For example, the stratospheric growth in East Asia has been driven by low-cost manufacturing of everything from car parts to smartphones. But since the 1950s, sub-Saharan Africa's share of world exports has slowly fallen further below 5%. Manufacturing's contribution to Africa's economy actually fell, from 12% in 1980 to 11% in 2013 and the paucity of traditional infrastructure is a big part of the reason why. Sub-Saharan Africa has 13% of the world's population, but 48% of those without electricity, according to McKinsey. And while M-KOPA and its competitors can light up the rural poor, they can't produce the power needed to fuel factories.

Rubbish infrastructure is also a major contributor to low levels of intra-regional trade, as well as a massive brake on agricultural productivity: as much as half of produce rots in the field or on the way to market because warehouses are lacking and roads are a mess of potholes.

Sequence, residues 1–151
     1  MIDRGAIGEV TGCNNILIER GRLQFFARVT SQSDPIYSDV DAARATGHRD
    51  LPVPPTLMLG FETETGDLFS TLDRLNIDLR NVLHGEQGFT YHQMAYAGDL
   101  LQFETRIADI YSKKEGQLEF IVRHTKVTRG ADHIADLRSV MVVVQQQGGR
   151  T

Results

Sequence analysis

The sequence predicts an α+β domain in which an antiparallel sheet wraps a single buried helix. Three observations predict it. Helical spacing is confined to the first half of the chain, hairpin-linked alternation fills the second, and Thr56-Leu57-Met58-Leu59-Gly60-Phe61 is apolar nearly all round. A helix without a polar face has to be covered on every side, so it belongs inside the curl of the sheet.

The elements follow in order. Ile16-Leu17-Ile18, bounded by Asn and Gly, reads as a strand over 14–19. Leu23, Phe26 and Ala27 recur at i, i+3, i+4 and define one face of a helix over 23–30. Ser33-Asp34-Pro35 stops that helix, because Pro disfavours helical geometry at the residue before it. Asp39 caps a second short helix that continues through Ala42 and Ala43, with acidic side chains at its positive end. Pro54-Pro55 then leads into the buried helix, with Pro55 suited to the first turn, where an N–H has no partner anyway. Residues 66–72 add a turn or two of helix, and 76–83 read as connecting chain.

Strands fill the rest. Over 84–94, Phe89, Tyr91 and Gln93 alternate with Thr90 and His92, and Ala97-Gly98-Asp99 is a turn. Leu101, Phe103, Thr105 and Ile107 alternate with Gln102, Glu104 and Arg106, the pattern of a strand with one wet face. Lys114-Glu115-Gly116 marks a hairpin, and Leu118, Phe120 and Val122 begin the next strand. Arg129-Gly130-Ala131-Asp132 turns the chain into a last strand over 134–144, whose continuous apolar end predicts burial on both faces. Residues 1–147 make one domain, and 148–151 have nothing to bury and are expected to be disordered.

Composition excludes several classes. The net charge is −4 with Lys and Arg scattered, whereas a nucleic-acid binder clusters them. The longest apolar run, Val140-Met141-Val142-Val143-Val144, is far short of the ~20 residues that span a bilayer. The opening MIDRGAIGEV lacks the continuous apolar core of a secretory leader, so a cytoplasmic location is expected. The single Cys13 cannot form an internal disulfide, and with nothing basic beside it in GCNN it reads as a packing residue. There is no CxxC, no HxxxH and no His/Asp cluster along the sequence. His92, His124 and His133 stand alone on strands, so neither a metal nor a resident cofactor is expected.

Another crop of off-grid entrepreneurs thinks they can get around this by using drones. Jonathan Ledgard, a novelist and former Africa editor at The Economist imagines unmanned craft shepherding loads of up to 10kg between urban areas that are currently badly connected, taking off and landing from 'droneports'. Pie-in-the-sky, one might think. But Rwanda's government has said it's on board and Ledgard, whose firm Red Line was recently spun out of Swiss university EFPL, hopes to start testing his craft in-country by the end of 2016. A more specific use for the technology is envisioned by Zipline, which will start testing drones designed to ferry blood for health emergencies in Rwanda in August.

'In remote areas, or areas that are hard to reach, there could be a use-case [for drones],' says Mugambi. 'But the question is whether that's a shortor a long-term plan. Because once infrastructure gets developed - and I think both Tanzania, Kenya, Rwanda are really pushing the infrastructure agenda very aggressively - at some point it might become a technology that is no longer as useful.'